These aftereffects of trauma go a long way toward explaining why women are not able to get ahead in the workplace. Fear and shame make us afraid to go out and network. How can we leave the house when we’re experiencing traumatic meltdowns? How can we make connections when we’re afraid to face our abuser in public again? The power differential in the music industry is not happenstance and can be directly correlated to the abuse that has been placed on us for far too long.
A simple apology to the abuser’s family doesn’t go nearly far enough in paying retribution for a crime that is a life sentence of recurring trauma for a victim. In no other violent crime does a criminal get to say, “I have apologized to my family and I am seeking treatment.” Imagine if this was someone breaking into houses and stealing property. If the burglar admitted he was doing this but stopped two years ago, apologized to his family and sought treatment, he would still be liable for the property he stole or damaged. He would go to jail. Sexual predators should not just get to apologize, go away for a minute and be welcomed back with open arms by fans who are “ready to forgive.”
The effects of harassment and assault upon women in the music industry is incalculable. You can see it in any list of “Top Players in the Music Industry,” where the lists are consistently predominantly men. I know many, many women who left the music industry after experiencing a sexual assault of some kind. Sexual harassment makes us afraid to speak up. It immediately tells us that we, as women, are lower than men. For women who have experienced sexual trauma, we receive those signals as dangerous. We know you can hurt us. We know you have been able to keep us silent when we have spoken up about harassment in the past. We are worn down by constant vigilance. We stop seeking promotions and raises. We stop volunteering to speak because we don’t want the eyes on us. We are shamed into silence.
Time after time, I do interviews about sexual harassment and abuse in the music industry. And time after time, I am told that I am the only person who will go on record to talk about these issues. What is this culture we’re living in where all of us have been abused, yet none of us are recovered enough to give statements to journalists who are working to uncover the truth?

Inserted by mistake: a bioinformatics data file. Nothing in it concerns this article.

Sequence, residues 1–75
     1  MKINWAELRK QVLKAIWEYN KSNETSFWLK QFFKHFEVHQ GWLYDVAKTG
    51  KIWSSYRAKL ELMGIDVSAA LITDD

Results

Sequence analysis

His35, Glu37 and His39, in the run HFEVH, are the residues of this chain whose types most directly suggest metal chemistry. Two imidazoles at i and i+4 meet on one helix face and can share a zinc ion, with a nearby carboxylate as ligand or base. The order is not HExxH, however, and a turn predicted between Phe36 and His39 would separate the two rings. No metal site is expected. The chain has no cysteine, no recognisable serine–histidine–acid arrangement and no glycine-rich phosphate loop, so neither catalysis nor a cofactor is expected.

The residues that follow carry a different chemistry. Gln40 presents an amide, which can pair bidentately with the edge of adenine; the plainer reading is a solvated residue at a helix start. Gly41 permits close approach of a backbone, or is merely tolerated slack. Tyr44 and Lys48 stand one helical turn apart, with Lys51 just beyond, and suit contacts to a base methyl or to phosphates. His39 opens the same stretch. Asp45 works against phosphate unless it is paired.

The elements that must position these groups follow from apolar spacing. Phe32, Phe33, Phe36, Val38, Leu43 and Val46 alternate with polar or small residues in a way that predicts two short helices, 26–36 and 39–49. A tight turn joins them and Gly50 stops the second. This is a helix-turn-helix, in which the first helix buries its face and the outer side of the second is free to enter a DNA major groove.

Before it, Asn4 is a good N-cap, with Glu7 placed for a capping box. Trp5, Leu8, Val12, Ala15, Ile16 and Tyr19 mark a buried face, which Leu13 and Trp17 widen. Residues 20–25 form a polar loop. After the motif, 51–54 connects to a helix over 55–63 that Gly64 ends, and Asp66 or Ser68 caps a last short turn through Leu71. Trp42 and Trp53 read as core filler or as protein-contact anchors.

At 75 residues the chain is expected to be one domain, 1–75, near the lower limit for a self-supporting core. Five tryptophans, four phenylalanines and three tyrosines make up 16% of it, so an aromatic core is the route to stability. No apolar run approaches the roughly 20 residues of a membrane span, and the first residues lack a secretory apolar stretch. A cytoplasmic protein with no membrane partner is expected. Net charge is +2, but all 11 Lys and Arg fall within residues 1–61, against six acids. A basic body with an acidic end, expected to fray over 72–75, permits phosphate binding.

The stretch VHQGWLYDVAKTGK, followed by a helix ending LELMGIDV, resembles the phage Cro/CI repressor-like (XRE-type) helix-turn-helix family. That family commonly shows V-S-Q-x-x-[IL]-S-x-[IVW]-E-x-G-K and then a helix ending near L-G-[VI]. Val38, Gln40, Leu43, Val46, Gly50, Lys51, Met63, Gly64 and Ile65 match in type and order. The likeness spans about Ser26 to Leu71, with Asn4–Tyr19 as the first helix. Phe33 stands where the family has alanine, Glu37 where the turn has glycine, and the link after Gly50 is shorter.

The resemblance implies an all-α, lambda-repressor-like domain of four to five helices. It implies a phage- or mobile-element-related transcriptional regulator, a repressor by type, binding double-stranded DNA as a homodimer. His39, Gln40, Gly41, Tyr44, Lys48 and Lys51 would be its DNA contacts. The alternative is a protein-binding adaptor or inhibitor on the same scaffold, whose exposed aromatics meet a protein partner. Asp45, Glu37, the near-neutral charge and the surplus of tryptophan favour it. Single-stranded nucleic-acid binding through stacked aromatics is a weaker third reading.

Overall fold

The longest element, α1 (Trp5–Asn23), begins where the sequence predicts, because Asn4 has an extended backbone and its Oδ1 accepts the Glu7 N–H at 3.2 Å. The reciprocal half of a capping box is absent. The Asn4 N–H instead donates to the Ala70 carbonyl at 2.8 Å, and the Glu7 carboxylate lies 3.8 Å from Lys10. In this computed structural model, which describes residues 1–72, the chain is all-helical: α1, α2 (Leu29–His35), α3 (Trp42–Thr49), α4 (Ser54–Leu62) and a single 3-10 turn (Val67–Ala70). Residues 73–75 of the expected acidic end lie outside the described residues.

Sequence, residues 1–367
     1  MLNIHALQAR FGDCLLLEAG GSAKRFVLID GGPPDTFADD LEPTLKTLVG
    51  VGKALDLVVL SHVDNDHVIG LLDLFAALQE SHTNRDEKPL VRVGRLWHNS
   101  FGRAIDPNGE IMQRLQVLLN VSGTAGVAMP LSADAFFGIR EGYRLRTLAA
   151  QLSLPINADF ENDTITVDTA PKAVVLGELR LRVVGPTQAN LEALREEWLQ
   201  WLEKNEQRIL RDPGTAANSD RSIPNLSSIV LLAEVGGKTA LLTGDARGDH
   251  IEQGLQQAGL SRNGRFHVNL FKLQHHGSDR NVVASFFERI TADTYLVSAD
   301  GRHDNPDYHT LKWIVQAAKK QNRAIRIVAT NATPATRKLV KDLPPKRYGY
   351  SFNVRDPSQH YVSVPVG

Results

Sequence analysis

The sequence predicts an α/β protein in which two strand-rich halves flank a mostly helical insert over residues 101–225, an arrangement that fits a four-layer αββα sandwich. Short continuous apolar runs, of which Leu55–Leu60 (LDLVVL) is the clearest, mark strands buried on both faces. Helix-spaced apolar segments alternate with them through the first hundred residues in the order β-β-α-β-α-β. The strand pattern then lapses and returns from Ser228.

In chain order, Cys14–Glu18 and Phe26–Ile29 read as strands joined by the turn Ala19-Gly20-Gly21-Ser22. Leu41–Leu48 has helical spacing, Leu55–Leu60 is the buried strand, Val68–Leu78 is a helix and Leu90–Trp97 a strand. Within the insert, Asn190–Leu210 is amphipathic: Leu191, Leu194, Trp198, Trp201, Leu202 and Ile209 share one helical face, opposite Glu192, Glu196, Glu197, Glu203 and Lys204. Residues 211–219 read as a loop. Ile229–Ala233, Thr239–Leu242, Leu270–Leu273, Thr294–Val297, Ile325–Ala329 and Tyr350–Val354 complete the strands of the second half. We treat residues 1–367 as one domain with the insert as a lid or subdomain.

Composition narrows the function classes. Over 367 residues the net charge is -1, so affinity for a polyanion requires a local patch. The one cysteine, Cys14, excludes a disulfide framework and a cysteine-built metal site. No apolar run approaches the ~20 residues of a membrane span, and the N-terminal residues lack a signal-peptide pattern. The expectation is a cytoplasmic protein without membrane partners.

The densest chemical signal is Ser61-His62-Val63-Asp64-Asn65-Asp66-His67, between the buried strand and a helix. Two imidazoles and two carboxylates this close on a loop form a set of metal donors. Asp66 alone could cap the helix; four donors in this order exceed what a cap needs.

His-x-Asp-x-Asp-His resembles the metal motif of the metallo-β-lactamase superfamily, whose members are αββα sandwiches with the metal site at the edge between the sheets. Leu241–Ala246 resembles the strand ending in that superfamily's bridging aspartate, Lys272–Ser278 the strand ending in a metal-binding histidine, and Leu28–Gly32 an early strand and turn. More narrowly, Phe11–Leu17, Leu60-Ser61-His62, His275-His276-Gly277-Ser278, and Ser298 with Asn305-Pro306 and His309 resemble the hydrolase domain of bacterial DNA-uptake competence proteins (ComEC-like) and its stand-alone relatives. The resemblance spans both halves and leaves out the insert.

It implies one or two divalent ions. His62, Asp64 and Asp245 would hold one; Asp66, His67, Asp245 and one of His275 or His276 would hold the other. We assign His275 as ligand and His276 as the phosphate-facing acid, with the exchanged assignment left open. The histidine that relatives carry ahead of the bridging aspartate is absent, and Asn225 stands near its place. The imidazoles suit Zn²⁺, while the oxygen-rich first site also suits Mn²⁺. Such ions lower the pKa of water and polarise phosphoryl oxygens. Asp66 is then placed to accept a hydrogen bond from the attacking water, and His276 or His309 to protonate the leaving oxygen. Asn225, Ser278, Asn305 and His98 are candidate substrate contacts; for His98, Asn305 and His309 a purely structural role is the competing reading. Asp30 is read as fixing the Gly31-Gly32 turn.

Well-meaning journalists keep asking, “Why don’t more women come forward?” The questions we need to be asking are: What is in our culture in the music industry that these stories are not printable? What is making women afraid to tell our stories? With the Sean Carlson story, only one woman out of dozens was able to go on the record, and now I’ve seen men on Twitter seek her out for harassment. It is terrifying to speak out publicly, especially for someone already dealing with the effects of trauma.
Even if we want to speak out, we are often not allowed to by our bosses, by our work contracts or even by friends who, perhaps unintentionally, shame us into keeping silent. We need to look at the culture of NDAs [non-disclosure agreements] in the music industry that make women think they are not allowed to talk about their experiences with sexual harassment or abuse in the workplace. NDAs are meant to protect information leaks from competitors -- not to keep victims of violent crimes silent. Yet they are contributing to rape culture by manipulating the abused into not speaking up.
What is going on now is just the beginning. More men will be named. Sociopathic behavior is rewarded in our society with promotions and raises. For the men who are rising to the top of the music industry while hurting women, I want you to know that your actions have consequences.
For the men who are yet to be named, please know this:
Saying “I’m sorry” means nothing if not followed by retributive action. A real apology means owning up to what you did and taking responsibility. “I’m sorry” doesn’t go back in time and change the futures of the lives you interrupted. “I’m sorry” doesn’t change the fact that you became rich and successful while the women you abused were afraid to socialize, make connections and experience meaningful relationships. You are not off the hook. We remember. “I’m sorry” changes nothing.